Among the former NU greats in attendance at this weekend's Husker Nation Celebration are each of Nebraska's three Heisman winners.
Johnny Rodgers, 1972, Wingback, Now lives in Omaha, Neb.
Mike Rozier, 1983, I-Back, Now lives in Camden, N.J.
Eric Crouch, 2001, Quarterback, Now lives in Omaha, Neb.
Players from all eras have embraced the Husker Nation Celebration. Former Huskers from the decades of the 1930s, 1940s and 1950s are planning their own private reunion with about 125 past letterwinners expected. Nebraska's 1978 Big Eight championship team will hold a 25th year anniversary in conjunction with the weekend's festivities, while the national championship teams of the mid 1990s will also have their own smaller private gathering.
Huskers Successful in Season Openers
Nebraska has been victorious in its last 17 season openers since a 17-13 loss to Florida State in Lincoln in 1985. The Huskers have won each of those 17 contests by at least 13 points. Nebraska improved to 82-26-5 in season openers, including last year's 48-10 victory over Arizona State.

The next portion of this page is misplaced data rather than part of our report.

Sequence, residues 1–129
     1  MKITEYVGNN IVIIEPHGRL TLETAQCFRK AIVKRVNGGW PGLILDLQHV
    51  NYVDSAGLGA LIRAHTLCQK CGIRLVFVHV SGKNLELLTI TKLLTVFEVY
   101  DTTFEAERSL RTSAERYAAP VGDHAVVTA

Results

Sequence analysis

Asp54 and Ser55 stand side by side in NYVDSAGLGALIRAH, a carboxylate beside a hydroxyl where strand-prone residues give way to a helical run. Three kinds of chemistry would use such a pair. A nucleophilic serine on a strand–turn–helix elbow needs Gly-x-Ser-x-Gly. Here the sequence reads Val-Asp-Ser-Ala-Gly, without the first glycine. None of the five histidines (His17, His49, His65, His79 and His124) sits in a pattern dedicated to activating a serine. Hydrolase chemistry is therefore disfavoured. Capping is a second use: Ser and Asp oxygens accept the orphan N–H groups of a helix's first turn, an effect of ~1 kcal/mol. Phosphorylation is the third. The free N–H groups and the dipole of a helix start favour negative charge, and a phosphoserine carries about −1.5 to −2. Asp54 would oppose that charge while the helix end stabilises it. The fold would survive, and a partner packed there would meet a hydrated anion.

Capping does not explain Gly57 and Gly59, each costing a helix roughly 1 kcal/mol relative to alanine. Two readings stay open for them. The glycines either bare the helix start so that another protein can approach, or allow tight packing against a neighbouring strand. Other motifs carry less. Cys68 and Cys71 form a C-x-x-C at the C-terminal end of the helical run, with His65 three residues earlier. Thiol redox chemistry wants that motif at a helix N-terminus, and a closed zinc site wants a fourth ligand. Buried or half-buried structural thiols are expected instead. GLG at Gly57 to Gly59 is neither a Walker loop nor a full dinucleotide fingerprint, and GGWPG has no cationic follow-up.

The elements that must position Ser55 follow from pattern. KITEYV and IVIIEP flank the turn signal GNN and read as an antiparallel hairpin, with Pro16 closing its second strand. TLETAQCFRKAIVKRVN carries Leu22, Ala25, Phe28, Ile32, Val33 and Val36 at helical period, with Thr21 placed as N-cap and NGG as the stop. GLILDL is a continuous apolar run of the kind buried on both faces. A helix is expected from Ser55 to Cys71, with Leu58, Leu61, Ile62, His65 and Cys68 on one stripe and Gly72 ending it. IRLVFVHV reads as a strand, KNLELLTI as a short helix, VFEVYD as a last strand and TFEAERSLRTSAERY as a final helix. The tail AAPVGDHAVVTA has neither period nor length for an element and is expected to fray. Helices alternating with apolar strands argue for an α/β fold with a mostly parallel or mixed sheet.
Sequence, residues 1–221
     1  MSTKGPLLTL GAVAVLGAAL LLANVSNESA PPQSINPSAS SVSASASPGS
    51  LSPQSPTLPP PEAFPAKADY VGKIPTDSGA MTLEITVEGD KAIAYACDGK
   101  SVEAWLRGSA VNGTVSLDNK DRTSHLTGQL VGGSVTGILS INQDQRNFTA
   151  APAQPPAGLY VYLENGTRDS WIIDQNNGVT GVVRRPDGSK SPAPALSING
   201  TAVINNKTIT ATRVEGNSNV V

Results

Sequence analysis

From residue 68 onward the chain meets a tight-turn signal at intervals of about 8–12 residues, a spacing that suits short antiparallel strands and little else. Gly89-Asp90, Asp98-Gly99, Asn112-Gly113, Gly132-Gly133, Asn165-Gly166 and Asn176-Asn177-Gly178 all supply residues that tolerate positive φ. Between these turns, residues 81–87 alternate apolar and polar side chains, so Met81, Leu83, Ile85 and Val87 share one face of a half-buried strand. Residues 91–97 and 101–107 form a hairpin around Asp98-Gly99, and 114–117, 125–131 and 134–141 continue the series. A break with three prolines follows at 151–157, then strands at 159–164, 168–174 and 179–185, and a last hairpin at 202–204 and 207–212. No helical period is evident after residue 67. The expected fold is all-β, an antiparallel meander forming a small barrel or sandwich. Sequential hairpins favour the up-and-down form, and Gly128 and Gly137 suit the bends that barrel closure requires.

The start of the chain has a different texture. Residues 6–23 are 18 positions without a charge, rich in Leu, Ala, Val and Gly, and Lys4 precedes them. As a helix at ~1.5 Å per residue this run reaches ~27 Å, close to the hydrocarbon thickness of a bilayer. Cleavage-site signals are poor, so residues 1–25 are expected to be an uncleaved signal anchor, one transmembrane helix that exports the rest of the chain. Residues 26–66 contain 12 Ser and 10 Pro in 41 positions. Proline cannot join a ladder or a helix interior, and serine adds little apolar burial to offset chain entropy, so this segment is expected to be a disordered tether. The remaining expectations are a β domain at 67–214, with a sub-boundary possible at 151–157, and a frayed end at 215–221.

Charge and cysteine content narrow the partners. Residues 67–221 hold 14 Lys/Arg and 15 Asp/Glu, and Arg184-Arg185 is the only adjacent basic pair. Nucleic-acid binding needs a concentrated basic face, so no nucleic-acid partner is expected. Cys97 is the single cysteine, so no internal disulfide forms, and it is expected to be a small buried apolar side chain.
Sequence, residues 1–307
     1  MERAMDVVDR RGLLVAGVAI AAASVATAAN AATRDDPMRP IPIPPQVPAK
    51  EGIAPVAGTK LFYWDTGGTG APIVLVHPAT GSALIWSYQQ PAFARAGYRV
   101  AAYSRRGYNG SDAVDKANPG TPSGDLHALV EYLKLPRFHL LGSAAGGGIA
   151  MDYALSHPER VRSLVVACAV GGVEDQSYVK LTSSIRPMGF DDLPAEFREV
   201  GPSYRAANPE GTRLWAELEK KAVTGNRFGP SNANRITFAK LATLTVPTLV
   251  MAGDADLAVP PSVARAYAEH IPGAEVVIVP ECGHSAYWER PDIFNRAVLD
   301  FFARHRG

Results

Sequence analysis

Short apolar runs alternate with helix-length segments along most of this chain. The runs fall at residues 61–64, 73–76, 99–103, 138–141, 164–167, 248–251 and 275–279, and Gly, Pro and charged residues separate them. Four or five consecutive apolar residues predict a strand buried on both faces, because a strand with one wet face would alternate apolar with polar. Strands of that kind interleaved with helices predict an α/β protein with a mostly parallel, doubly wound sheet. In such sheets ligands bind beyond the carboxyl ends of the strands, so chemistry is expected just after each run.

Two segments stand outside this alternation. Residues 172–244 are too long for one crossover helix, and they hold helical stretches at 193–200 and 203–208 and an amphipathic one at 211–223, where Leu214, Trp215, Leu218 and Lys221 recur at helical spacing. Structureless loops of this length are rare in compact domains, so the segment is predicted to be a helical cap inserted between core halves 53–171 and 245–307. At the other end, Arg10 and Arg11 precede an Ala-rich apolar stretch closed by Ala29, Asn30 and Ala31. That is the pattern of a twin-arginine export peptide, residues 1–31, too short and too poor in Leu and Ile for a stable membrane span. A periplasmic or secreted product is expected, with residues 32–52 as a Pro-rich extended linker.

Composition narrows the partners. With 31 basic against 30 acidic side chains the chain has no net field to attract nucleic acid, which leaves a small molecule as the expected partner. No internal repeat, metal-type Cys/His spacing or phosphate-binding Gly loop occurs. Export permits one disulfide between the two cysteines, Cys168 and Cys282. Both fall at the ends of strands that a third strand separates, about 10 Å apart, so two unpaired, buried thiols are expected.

Nebraska Head Coach Frank Solich is a perfect 5-0 in season openers. In the last 30 years, the Huskers are 25-4-1 in season openers, 20-2 at home, losing only to FSU in 1985 and Washington State in 1977 (19-10). In fact, the Huskers have won 38 of 41 season openers since Bob Devaney took over the Husker program in 1962.
In all-time home openers, NU is 91-17-5 including 63-14-3 at Memorial Stadium. The Huskers are 28-2 in home openers over the last 30 years. When NU opens the season on the road it is 12-13-2. Nebraska's streak of 17 straight season opening victories leads the nation, followed by Florida State with 14, and Kansas State and Florida with 13 each.
Nebraska to Face Ranked Opponent in Season Opener
With 24th-ranked Oklahoma State up first on the 2003 slate, Nebraska will face off against a ranked opponent in a season opener for the first time since 1994. The Huskers are 6-4 all-time in season openers against ranked opponents, including a 2-3 mark at Memorial Stadium. NU's most recent season-opening win over a ranked opponent came in a 34-17 win over Florida State to open the 1986 season. The Huskers have been unranked in three of the season openers against ranked foes and own a 1-2 mark in those contests. (most recently in 1969). Below is a listing of Nebraska's season openers against ranked opponents.